CSS Grid Navigation Bar

August 20, 2020 | ~8 Minute Read

Finally updating my blog navigation bar

Since the release of Bourne to Blog I have been wanting to add a CSS sample file, however the current navigation bar of the site was not to my entire liking.

So I decided to update that so that way I can include a sample file for Bourne to Blog that contains a fully working CSS Grid core layout for others to modify at their whim.

The Current solution

Currently in the website menu bar I was using floats and it kept coming to mind that there had to be a way to do it with CSS Grid natively.

The current solution is pretty simple and looks like the following:

HTML:

<nav>
<ul>
         <li><a href="/index.html">Home</a></li>
         <li><a href="/blog/blog.html">Blog</a></li>
         <li><a href="/apps/apps.html">Applications</a></li>
         <li><a href="/pages/pages.html">Websites</a></li>
         <li><a href="/games/games.html">Games</a></li>
         <li id="feed"><a href="/feed.xml"><img src="/img/feed.png" alt="RSS Feed"></a></li>
    </ul>
</nav>

So far so good

CSS:

body {
display:        grid;
grid-template-columns:  1fr 50% 1fr;
}

nav {
grid-column:        1 / 4;
grid-row:       1;
}
.
.
.

This is where things get a bit…off in the navbar CSS:

/* Navigation Bar */
nav {
    color:          var(--white-color);
}
#feed {
    float:          right;
}
nav ul {
    list-style-type:    none;
    margin:         0;
    padding-left:       23.7%;
    overflow:       hidden;
    background-color:   var(--menu-bar-color);
}
nav ul li {
    float:          left;
}
nav ul li a {
    display:        block;
    color:          var(--color-white);
    text-align:     center;
    padding:        .7em 1.5em;
    text-decoration:    none;
}
nav ul li a:hover {
    background-color:   var(--dark-color);
    color:          var(--color-white);
}
nav ul li a img {
    padding:        .37em;
}

So we have all sorts of things here, float left and right for the menu items, then 23.7% of padding on the left, then .7em 1.5em padding on the a tags of the lis from the ul tags inside the nav block.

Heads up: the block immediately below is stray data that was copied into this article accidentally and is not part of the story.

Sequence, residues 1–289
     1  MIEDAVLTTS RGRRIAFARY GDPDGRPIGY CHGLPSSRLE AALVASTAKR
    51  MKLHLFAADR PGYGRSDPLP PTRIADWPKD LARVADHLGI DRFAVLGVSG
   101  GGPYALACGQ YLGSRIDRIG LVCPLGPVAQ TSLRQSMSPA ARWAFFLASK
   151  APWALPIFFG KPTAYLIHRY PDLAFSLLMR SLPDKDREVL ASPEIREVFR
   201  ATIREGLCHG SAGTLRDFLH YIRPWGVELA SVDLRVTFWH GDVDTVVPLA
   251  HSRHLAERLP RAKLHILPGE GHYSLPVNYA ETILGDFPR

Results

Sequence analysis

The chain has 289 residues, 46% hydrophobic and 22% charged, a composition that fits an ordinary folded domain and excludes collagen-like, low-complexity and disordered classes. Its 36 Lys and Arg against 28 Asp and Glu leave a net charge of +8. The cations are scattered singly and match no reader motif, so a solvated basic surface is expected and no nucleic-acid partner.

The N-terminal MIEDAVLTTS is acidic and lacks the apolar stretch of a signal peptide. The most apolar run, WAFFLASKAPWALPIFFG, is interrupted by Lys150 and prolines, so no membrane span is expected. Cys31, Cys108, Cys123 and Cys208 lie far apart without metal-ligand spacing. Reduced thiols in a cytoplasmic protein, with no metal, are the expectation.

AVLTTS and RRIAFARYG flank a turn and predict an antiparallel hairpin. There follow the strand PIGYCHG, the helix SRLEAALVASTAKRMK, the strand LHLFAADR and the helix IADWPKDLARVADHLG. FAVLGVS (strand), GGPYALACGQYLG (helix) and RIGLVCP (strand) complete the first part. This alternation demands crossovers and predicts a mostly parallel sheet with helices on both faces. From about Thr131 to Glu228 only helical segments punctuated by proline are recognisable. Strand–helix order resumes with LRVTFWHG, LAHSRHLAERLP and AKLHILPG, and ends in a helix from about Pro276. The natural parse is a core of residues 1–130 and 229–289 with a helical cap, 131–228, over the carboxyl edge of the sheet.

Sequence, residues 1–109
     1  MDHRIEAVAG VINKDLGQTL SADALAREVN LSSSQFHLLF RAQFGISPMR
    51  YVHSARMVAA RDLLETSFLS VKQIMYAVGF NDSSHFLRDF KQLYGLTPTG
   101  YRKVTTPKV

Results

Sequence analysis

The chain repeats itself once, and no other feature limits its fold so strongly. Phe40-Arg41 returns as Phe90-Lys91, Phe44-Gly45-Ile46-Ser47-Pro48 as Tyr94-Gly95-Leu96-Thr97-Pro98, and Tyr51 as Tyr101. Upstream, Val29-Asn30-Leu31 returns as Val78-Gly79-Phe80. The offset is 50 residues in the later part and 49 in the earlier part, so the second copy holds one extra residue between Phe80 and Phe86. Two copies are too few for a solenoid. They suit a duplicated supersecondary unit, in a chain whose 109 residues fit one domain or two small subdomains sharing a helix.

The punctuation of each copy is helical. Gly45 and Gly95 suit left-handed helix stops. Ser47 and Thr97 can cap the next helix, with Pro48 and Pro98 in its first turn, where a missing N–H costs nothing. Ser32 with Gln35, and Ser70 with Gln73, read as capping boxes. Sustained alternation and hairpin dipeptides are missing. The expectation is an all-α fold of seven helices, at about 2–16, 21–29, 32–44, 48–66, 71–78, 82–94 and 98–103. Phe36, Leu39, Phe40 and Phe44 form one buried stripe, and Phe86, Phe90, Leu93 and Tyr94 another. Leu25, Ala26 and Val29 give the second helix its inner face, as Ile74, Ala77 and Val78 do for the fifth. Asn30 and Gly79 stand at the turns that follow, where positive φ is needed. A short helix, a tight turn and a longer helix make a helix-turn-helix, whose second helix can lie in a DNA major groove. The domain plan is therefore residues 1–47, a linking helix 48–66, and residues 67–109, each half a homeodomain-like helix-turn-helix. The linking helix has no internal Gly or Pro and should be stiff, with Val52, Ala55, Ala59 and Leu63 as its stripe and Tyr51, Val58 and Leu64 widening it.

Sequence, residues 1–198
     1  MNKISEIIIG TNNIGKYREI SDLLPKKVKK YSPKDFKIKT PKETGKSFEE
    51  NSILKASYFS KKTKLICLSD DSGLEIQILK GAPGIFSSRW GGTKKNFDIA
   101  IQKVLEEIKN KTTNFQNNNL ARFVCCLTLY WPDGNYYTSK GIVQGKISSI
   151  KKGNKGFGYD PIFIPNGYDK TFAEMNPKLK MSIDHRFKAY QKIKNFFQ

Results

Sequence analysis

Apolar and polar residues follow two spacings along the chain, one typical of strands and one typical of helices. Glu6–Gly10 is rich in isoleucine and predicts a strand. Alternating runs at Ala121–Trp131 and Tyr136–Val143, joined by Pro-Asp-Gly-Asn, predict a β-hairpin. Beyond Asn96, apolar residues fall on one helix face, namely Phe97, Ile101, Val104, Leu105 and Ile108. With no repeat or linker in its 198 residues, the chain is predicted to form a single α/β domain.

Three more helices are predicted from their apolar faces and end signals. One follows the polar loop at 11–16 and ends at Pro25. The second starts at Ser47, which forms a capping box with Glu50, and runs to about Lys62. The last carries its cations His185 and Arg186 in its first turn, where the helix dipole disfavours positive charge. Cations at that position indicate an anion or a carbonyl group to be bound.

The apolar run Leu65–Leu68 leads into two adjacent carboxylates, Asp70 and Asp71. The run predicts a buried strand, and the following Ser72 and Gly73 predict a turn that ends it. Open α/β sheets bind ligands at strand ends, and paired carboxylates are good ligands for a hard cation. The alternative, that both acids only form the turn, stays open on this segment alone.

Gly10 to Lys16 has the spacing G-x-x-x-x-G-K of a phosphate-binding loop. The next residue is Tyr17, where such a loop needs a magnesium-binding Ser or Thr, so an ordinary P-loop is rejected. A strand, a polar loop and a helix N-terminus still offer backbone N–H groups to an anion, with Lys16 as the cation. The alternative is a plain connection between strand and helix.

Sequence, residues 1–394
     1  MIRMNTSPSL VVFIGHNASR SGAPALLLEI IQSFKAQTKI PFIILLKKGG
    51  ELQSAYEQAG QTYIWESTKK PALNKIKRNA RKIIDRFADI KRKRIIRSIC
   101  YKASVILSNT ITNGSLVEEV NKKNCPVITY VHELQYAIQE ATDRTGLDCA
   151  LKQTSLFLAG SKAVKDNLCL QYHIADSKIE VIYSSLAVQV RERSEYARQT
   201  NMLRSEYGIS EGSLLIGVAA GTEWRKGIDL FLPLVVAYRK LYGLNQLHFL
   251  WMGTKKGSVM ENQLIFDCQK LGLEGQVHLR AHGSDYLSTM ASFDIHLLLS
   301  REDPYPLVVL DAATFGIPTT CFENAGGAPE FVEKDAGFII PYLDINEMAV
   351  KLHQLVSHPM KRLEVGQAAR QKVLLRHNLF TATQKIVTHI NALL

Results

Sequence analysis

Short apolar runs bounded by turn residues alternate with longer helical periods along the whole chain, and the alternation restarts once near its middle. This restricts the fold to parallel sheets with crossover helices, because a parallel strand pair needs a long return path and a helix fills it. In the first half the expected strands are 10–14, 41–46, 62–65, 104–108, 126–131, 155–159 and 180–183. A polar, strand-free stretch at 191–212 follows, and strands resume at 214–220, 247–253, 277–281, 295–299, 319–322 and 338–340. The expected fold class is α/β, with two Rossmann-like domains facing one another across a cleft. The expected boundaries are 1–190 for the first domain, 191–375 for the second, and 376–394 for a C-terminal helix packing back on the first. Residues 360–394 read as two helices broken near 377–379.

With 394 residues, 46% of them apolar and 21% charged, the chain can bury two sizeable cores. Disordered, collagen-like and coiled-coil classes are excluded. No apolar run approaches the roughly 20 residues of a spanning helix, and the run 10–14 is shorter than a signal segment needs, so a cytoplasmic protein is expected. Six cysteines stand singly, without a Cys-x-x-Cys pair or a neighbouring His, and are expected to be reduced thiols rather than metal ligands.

This is what the media queries look like:

/* Tablet Sized Screens */
/* Navigation Bar */
nav ul {
    padding-left:           11%;
}

/* Mobile Sized Screens */
/* Navigation Bar */
nav ul {
    padding-left:           0;
}
nav ul li a {
    padding:            .7em .5em;
}

Again, we have some random numbers there that I’d prefer not to have to ease maintainability.

It has been working all this time, but I think we can do a little better, I hope anyway, than that.

CSS Grid Navigation Bar

I looked around but couldn’t find any ready made solutions for this simple problem, possibly because it’s one of those things that “everyone magically knows how to do” or something.

So I started playing around with different approaches to this and it was proving to be harder than it seemed. I kept getting strange behavior while using ul elements within the nav block.

I found the reason for this, I was expecting strange behavior from CSS Grid, it was actually behaving normally. I was grouping the menu elements inside the unordered list, so all elements were staying on one side of the grid that I was defining.

After a while of thinking about this I thought, what actually makes up a menu? We’re usually told that it’s an unordered list with a bunch of list items in it (Or at least I had that impression anyway). However the underlying HTML tags of a navigation bar are links! (Big realization for me, maybe not for others :P )

So I thought, if I used only the a tags for the menu I can manipulate them directly from CSS Grid. This will do away with some HTML and provide a way for the navigation bar to natively be responsive like the rest of the page.